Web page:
CoverIntroductionKey Civics and Government ConceptsDefining Critical Media LiteracyTopic 1. Foundations of the United States Political System1.1 Social Media Policies and Community Standards on YouTube, Twitter, TikTok and More1.2 The Internet as a Public Utility1.3  21st Century Women STEM Innovators1.4 Media Coverage of Kings, Queens, and Royal Families1.5 Representations of Native Americans in Films, Local History Publications, and School MascotsTopic 2. The Development of United States Government2.1 Declarations of Independence on Social Media2.2 Media Marketing and Government Regulation of Self-Driving Cars and Electric Vehicles2.3 Representations of and Racism Toward Black Americans in the Media2.4 Political Debates Through Songs from Hamilton: An American Musical2.5 Bill of Rights on TwitterTopic 3. Institutions of United States Government3.1: Hollywood Movies About the Branches of Government3.2: Writing an Impeachment Press Release3.3: Members of Congress' Use of Social Media3.4: Political Impacts of Public Opinion Polls3.5: Website Design for New Political PartiesTopic 4. The Rights and Responsibilities of Citizens4.1: Immigration in the News4.2: Portrayals of Immigrants in Television and Film4.3: COVID-19 Information Evaluation4.4: Women Political Leaders in the Media4.5: Online Messaging by Special Interest Groups4.6: Digital Games for Civic Engagement4.7: Social Media and the Elections4.8: Images of Political Leaders and Political Power4.9: Media Spin in the Coverage of Political Debates4.10: Celebrities' Influence on Politics4.11: Political Activism Through Social Media4.12: Media Recruitment of Public Sector Workers4.13 Deciding What Books Students Read in School4.14: Images of Teachers and Teaching4.15: For Whom Is and Could Your School Be Named4.16: Representing Trans Identities4.17: Media Framing of the Events of January 6, 20214.18: Music as Protest Art4.19: PACs, Super PACs, and Unions in the Media4.20 Brands and PoliticsTopic 5. The Constitution, Amendments, and Supreme Court Decisions5.1: Prohibition in the Media5.2: The Equal Rights Amendment on Twitter and Other Social Media5.3: Civil War Era News Stories and Recruitment Advertisements5.4: Representations of Gender and Race on U.S. Currency5.5: The Equality Act on Twitter5.6: Reading Supreme Court Dissents Aloud5.7: Television Cameras in CourtroomsTopic 6. The Structure of State and Local Government6.1: Native American Mascots and Logos6.2: A Constitution for the Internet6.3: Military Recruitment and the Media6.4: Your Privacy on Social Media6.5: Pandemic Policy Information in the Media6.6: Gendered Language in Media Coverage of Women in Politics6.7: Gender-Neutral Marketing of Toys 6.8: Environmental Campaigns Using Social Media6.9: Trusted Messengers, the Media, and the Pandemic6.10: Online Campaigning for Political Office6.11: Advertising the Lottery Online and In Print6.12: Local Governments, Social Media and Digital Democracy6.13: Protecting the CommonsTopic 7. Freedom of the Press and News/Media Literacy7.1: Press Freedom in the United States and the World7.2: Objectivity and Reporting the News from All Sides7.3: Investigative Journalism and Social Change7.4: News Photographs & Newspaper Design7.5: How Reporters Report Events7.6: Recommendation Algorithms on Social Media Platforms7.7: YouTube Content Creators7.8: Fake News Investigation and Evaluation7.9: Paywalls and Access to Online News7.10: Critical Visual Analysis of Online and Print Media7.11: Memes and TikToks as Political Cartoons7.12: Women Reporters in the Movies7.13: Design a 21st Century Indie Bookstore 7.14: Greenwashing and the Media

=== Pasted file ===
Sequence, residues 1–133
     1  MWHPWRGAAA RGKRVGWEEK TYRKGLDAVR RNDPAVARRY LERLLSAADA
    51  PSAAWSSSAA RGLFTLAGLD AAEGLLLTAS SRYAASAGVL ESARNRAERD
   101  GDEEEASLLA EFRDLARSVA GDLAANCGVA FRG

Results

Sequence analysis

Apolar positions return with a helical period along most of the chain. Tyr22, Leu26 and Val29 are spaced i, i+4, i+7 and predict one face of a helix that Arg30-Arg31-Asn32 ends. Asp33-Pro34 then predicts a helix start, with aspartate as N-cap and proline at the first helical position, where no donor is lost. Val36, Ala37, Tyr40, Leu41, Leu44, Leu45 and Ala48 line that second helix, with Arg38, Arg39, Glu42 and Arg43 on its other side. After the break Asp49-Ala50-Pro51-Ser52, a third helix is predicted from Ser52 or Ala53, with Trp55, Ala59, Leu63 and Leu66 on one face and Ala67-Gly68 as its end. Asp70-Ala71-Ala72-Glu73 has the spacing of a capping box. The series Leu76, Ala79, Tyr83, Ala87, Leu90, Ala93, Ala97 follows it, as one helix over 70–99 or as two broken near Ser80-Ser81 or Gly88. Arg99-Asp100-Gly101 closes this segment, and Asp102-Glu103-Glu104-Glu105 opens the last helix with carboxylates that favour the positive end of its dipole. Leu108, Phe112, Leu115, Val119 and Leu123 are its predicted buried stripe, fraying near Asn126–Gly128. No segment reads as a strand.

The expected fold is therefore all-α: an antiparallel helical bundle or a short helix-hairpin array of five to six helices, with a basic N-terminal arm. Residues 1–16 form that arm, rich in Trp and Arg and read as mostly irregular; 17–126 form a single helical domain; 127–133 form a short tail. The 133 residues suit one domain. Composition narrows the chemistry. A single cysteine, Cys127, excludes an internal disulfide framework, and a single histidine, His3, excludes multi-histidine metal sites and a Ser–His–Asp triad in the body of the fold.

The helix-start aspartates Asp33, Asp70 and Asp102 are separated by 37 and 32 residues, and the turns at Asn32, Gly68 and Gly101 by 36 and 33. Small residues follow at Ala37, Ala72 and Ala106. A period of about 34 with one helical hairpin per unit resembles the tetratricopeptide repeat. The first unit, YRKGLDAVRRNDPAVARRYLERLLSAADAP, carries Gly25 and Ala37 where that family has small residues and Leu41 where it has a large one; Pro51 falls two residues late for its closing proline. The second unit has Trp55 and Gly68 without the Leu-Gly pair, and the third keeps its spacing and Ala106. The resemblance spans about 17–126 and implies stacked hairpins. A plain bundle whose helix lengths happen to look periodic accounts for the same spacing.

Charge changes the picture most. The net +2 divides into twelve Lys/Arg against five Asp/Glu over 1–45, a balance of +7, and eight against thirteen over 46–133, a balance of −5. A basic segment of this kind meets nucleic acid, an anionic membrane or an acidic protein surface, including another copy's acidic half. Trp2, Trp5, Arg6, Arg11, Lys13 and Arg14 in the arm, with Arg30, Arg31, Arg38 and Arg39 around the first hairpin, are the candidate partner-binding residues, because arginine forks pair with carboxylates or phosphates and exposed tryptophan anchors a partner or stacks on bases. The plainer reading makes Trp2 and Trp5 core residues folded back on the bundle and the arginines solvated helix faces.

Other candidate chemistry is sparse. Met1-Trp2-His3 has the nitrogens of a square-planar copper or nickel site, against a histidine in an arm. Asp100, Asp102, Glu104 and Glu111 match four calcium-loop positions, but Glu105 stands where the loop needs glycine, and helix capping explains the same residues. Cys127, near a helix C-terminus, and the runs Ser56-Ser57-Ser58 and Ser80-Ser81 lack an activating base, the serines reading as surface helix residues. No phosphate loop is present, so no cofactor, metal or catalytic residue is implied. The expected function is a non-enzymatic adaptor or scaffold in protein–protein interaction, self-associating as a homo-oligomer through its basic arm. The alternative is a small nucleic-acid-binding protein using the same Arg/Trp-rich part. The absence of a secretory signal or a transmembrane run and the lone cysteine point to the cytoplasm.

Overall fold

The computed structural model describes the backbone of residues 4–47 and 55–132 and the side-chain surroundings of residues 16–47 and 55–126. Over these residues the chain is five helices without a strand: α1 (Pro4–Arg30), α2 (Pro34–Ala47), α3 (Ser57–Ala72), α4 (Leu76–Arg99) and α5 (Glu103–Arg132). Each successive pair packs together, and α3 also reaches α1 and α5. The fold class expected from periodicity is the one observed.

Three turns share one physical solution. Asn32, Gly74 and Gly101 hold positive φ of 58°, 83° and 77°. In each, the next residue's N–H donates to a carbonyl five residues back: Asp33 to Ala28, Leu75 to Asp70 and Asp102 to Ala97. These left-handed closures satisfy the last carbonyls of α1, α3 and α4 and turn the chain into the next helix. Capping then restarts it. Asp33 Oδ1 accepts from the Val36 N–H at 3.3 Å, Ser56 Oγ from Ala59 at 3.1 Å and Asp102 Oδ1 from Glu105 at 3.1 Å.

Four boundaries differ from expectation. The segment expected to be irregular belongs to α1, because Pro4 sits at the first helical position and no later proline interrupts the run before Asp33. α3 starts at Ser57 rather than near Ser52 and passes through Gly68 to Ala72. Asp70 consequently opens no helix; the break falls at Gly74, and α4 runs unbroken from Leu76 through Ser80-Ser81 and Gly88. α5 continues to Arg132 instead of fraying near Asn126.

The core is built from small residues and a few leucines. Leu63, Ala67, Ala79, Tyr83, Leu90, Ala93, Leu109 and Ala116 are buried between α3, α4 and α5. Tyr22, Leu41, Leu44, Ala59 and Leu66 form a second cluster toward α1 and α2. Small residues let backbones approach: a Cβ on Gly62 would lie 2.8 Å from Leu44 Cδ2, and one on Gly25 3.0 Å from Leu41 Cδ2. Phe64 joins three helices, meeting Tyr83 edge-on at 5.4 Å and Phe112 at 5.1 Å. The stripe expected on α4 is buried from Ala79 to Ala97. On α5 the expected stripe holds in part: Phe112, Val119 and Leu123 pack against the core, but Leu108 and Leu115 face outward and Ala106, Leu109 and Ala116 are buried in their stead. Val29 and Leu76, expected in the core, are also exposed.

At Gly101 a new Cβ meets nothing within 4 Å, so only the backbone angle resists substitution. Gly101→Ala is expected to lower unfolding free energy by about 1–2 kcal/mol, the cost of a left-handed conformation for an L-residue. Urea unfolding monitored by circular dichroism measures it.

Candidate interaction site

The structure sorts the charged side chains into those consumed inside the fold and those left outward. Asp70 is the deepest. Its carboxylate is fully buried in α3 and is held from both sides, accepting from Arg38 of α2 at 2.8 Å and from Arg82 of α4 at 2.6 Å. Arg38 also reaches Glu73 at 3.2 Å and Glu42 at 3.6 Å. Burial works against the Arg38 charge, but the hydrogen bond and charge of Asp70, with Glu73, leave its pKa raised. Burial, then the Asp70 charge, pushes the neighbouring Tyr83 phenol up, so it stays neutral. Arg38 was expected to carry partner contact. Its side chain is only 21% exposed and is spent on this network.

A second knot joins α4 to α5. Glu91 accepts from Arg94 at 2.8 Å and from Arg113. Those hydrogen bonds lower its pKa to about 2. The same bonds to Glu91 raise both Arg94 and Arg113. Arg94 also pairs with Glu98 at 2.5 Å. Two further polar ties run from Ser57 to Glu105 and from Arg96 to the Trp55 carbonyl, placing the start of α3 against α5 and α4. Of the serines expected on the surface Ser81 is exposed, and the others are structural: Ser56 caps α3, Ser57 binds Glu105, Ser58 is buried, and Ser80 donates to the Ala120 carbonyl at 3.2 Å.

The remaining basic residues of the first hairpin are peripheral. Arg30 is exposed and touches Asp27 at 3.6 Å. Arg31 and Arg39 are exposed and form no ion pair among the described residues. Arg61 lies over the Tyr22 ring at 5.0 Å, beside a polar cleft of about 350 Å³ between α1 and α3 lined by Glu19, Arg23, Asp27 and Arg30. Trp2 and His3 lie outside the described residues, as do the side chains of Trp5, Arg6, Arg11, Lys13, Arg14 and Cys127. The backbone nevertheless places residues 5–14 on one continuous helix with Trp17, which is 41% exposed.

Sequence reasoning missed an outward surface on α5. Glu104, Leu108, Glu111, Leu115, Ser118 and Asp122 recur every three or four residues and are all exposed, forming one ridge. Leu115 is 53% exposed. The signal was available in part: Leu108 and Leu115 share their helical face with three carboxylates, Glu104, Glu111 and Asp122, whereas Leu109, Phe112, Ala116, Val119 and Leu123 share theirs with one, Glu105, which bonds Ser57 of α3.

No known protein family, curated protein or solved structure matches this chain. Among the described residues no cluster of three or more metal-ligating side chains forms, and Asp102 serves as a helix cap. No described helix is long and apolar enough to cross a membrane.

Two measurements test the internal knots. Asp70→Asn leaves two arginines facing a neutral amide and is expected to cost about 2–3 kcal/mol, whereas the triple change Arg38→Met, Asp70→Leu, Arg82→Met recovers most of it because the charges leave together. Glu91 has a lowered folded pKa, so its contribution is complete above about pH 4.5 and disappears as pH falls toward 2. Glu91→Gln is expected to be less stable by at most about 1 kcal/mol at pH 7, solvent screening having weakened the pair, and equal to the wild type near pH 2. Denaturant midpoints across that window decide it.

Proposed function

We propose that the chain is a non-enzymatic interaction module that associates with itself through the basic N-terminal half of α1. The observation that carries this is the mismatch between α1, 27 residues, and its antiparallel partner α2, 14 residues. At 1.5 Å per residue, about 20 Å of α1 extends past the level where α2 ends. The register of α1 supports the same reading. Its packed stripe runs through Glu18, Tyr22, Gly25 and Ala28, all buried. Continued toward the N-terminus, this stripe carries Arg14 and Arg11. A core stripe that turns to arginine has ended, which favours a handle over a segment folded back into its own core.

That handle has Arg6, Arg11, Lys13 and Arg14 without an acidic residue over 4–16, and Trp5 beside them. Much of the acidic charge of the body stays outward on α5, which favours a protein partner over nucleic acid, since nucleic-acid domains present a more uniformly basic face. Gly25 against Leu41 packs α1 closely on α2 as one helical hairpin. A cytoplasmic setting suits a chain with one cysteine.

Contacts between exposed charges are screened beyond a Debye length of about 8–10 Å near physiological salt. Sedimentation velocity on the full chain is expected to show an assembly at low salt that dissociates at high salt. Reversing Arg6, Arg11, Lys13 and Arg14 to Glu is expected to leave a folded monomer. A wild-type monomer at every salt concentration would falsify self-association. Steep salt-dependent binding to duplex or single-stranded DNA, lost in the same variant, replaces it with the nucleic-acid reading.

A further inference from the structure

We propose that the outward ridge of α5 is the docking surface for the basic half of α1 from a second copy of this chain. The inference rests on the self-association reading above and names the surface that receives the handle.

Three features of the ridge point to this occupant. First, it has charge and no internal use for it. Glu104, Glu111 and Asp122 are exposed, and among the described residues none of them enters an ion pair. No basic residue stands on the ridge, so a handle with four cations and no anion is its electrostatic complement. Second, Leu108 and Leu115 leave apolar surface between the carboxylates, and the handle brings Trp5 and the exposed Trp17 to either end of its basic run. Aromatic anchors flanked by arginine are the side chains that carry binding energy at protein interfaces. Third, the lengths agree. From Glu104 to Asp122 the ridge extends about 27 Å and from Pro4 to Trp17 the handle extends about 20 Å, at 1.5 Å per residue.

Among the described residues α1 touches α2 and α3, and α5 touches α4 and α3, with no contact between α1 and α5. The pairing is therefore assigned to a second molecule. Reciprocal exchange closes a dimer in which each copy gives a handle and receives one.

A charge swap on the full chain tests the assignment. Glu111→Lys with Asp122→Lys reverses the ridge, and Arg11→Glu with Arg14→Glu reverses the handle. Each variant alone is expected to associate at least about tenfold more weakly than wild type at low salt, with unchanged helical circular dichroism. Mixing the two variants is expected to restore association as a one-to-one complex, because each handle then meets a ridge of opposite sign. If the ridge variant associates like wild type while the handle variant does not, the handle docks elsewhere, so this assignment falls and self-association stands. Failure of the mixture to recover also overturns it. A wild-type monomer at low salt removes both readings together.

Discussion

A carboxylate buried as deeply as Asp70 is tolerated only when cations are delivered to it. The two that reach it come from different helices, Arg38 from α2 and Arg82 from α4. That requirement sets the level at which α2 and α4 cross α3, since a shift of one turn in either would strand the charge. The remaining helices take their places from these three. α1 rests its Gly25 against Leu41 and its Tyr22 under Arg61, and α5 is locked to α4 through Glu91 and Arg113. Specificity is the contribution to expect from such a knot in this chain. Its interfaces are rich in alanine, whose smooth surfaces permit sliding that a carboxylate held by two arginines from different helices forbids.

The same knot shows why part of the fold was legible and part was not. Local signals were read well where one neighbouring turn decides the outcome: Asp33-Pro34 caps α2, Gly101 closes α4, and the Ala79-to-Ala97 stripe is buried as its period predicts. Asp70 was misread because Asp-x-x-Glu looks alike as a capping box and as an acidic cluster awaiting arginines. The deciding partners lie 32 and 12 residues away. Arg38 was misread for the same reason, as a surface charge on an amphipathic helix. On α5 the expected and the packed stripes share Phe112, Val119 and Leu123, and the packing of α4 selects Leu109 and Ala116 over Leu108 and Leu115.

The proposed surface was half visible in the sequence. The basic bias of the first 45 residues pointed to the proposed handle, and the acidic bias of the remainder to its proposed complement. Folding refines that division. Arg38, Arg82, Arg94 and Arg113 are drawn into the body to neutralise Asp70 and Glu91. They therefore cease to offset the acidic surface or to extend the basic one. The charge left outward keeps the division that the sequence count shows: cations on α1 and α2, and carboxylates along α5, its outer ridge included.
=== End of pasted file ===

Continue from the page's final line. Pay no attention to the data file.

2.3 Representations of and Racism Toward Black Americans in the Media

At the Constitutional Convention, the American Revolutionary era declaration that "all men are born free and equal" was denied for Black people. The Three-Fifth Compromise, which counted those in slavery to determine representation in Congress, gave greater power to southern slave-owning states and helped elect slave-owning Presidents in the years before the Civil War. A Fugitive Slave clause was included in the Constitution and the slave trade was allowed to continue for 20 more years. Black slavery that lasted until after the Civil War was followed by Jim Crow segregation and a long civil rights movement that demanded equality and justice, but racial stereotypes persisted.

Powerful, persistent, and pervasive White racism toward Black Americans that began with the forced arrival of the first slaves in North America in 1619 continues today in multiple areas of modern society, including social media. In a video lecture, Emory University professor Nathan McCall has tracked the history of negative, racist imagery toward Black Americans in the media from the founding of the U.S. to the Presidency of Barack Obama.

Black Lives Matter Shirt NYC
Black Lives Matter Shirt NYC by Shanluan is licensed under CC BY-SA 4.0